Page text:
January 21, 2016 | Categories: Fitness
When a doctor told Olympic hurdler and Rio 2016 games hopeful Lolo Jones that she needed hip surgery to repair a torn hip labrum last November, she stared at him and wondered if her career was over. How would she be able to go from crutches to competing in Olympic trials in July? “I had to take knowledge away from that,” said Jones. “I told myself, ‘Well, now now you have answers as to why you ran so badly all season, your hip was torn. So take that away, get your hip healthy, and improve from there. With every failure, there’s a learning lesson and if you can take something away then you can build upon and improve upon, you can use that as motivation,” she says.
Jones is a veteran Olympian, having competed in the 2008 and 2012 Olympic games for track & field hurdles, and the 2014 winter Olympics as a bobsledder, where she finished in 11th place. Having placed fourth in the 100-meter hurdles in the 2012 Summer Olympics, Jones is hungry to make the 2016 Olympics this summer and finally get her medal.
Here, Jones sat down for an interview with Muscle & Fitness Hers senior online editor, Diana Kelly, to talk training, diet, and overcoming setbacks.
Diana Kelly: Tell us about your training the summer Olympics:
Lolo Jones: This year was a little different because I was coming off of surgery. It was my second surgery during a track season and I realized I needed to change up some things. Normally I’ll do fall training and that consists of running and weights. This year I had to get off crutches and start walking and then jogging again. With that it put me behind schedule with the group I train with because they’ve been doing workouts for two months and during those two months I was fighting to walk/run again. I needed to get in shape and get my heart really revved up so this year I incorporated Orangetheory workouts because they have the science behind their workouts with emphasis on the heart rate monitor. (Editor’s note: Jones is an Orangetheory ambassador.) I wanted to push myself as hard as I could without re-injuring myself. I used their workouts along with rehab exercises to get back in shape. When I returned to my workout group my coach was shocked but how in shape I was. I do Orangetheory three times a week. It’s a tough workout.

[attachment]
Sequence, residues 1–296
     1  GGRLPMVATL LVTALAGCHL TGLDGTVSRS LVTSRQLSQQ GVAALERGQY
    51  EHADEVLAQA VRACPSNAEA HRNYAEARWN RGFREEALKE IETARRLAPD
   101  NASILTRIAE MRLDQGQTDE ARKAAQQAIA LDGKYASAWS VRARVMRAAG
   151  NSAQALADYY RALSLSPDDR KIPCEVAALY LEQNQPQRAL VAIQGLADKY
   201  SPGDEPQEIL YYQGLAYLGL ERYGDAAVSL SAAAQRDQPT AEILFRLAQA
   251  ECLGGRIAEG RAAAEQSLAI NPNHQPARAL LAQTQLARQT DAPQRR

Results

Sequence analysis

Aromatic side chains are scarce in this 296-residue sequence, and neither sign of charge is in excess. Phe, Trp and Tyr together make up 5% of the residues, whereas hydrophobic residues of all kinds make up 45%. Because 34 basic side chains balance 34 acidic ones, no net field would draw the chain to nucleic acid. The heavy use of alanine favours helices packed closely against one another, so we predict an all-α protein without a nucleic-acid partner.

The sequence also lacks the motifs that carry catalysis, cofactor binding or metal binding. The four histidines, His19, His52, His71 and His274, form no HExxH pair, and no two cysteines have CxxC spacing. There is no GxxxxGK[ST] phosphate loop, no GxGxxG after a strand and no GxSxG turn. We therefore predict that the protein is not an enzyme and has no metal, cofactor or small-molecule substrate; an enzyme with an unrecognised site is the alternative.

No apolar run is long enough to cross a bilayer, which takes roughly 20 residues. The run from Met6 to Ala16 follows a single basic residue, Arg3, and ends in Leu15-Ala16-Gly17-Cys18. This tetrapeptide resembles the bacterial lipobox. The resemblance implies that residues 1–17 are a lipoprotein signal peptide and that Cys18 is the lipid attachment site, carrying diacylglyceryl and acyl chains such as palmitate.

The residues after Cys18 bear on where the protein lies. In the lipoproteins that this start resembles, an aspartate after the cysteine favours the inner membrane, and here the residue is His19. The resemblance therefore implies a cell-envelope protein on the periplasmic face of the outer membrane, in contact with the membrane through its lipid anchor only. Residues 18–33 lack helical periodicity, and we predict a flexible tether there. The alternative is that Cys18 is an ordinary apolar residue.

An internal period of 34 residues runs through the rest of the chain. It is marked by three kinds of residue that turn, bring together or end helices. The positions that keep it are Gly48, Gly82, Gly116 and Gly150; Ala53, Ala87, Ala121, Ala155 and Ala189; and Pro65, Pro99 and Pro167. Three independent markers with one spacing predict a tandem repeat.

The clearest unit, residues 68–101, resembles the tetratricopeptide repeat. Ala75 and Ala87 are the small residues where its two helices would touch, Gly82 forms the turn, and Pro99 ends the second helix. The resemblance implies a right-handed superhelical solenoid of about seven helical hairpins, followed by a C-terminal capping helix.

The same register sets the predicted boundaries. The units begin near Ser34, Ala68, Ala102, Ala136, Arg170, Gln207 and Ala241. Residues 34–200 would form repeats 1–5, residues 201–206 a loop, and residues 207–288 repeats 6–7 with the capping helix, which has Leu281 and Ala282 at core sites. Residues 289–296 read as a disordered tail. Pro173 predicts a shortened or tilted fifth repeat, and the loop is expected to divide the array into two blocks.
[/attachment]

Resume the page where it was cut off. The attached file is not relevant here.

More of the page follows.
DK: You posted on your Facebook page saying that 2015 was your “worst year professionally,” tell us more about that.
LJ: It was my second surgery within a season. In one season, I had two surgeries and two hamstring tears. I’m not going to sit here and lie and say I was super-positive during the whole thing. There were times that I cried my eyes out; there were times that I wondered if that was it, if I could try again.
I felt physically able to come back but mentally I just felt drained. When you work so hard for something and it’s getting wiped away from you, it’s hard to pick yourself back up. I think the thing that gets you through it all is just attitude. How you end something is how you finish something. So if you end a relationship bitter, you’re going to start the next one bitter, if you end a race and are completely frustrated, your next race or competition you’re going to take those frustrations into that. The main thing is having an attitude adjustment after bad things happen.
You just need to plug away and acknowledge you’re frustrated but don’t let those feelings determine your actions. There are a lot of times when I don’t want to work out, and I just push through that and feel great at the workout. Never let your feelings determine your outcome or where you’re going to go next.
Read the full article on MuscleAndFitness.com.
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